Before identifying top influencers, you, as an analyst, need to decide how to define a “top influencer”. Is it someone who is mentioned frequently by others in the group or is it someone who shares a lot of content? Is it someone connected to a lot of other influencers, or is it a user connecting members of the group who are otherwise disconnected from membership as a whole?

Such judgments in analytics are based on your interpretation of the goals and context of the particular investigation, your understanding of the social media group being analyzed, and your previous experience with similar projects.

You see the analyzed social media group within your organizational context and your subjective frame of reference. Your subjective perception is influenced by your previous experiences, prejudices and assumptions. Your subjective frame of reference will influence the initial assumptions about the group, the choice of relationship around which the analysis will be structured, the choice of which aspect of the social network structure to focus on, the choice of metrics to be used to measure impact, and the meaning of the results in the context of the social media group and organization you belong to.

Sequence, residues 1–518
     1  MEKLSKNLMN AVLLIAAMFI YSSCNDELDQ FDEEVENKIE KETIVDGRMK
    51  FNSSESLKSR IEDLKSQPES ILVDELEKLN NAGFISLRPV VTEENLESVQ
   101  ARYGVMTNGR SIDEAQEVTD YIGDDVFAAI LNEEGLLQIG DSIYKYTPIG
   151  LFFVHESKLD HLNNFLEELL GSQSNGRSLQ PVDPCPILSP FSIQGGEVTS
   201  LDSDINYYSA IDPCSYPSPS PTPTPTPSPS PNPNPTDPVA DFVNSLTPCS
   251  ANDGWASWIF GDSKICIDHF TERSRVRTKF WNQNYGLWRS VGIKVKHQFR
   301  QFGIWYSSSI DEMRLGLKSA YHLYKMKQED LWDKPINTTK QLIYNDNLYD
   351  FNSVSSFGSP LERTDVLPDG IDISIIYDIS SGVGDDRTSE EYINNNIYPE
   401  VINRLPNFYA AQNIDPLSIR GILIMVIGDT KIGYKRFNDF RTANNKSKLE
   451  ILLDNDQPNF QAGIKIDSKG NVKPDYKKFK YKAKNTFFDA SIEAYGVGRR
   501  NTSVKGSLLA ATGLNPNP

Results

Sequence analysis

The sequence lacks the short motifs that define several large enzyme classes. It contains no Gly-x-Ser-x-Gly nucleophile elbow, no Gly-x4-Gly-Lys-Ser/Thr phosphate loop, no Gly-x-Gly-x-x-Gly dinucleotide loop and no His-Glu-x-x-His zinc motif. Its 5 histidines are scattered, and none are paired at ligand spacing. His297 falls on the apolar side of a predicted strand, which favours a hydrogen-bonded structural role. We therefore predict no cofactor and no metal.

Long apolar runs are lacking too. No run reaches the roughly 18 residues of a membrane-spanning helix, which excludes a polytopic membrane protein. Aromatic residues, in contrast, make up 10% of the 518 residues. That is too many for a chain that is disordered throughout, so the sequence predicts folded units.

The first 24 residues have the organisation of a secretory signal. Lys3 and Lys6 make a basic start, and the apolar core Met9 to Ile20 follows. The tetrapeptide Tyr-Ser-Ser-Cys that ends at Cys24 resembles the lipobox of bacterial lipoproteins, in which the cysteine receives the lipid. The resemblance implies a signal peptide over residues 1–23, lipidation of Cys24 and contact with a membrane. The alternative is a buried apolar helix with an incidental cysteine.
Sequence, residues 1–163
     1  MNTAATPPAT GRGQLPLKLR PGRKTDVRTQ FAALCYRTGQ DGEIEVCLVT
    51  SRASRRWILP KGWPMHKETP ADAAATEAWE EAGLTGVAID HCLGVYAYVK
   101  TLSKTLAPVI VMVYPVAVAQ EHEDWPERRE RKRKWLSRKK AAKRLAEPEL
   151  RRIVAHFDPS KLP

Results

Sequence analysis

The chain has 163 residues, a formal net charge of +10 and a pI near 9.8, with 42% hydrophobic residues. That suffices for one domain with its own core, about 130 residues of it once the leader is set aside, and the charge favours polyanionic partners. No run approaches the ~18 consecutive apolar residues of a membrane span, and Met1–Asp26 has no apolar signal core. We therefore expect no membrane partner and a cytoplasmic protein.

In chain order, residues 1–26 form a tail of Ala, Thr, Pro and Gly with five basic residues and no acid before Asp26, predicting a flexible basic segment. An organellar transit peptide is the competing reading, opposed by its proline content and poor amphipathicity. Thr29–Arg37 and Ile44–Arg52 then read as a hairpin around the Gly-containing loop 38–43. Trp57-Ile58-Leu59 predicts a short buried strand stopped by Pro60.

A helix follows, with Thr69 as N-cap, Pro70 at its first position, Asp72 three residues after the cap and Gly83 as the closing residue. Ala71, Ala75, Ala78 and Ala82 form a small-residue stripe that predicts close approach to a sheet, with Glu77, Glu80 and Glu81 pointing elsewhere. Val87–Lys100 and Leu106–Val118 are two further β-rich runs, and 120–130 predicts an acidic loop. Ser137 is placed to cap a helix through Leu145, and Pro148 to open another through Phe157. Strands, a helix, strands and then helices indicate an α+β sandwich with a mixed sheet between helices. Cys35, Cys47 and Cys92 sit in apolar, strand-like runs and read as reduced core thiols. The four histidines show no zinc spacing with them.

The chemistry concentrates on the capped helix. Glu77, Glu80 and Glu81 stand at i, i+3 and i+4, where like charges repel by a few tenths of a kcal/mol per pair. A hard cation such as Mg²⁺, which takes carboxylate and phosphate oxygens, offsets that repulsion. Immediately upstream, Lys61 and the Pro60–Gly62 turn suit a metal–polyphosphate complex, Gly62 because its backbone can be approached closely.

Accordingly, the analytics are not objective. It’s subjective.

How important is it for you to learn more about your subjective perception of both the analyzed social media group and the business context?

This is vital as it can help you gain a more systematic or holistic understanding of the situation being analyzed before deciding which metrics to track. It can also help you explain to your managers the business value of tracking certain metrics.

So how can you tackle this? Here are a few suggestions.

How to do holistic analysis

1. Think of analytics as a social process or group activity

Each analyst has his own subjective view of the organizational context and the objectives of the analysis. If you want to generate a holistic understanding, you have to bring these different views together and view them as a whole. For this we need analysts who define and discuss their subjective views.

2. Visual representation of the subjective perceptions of analysts

We all know what we are thinking. But if we are to really understand and discuss different views, those views need to be presented as visual artifacts.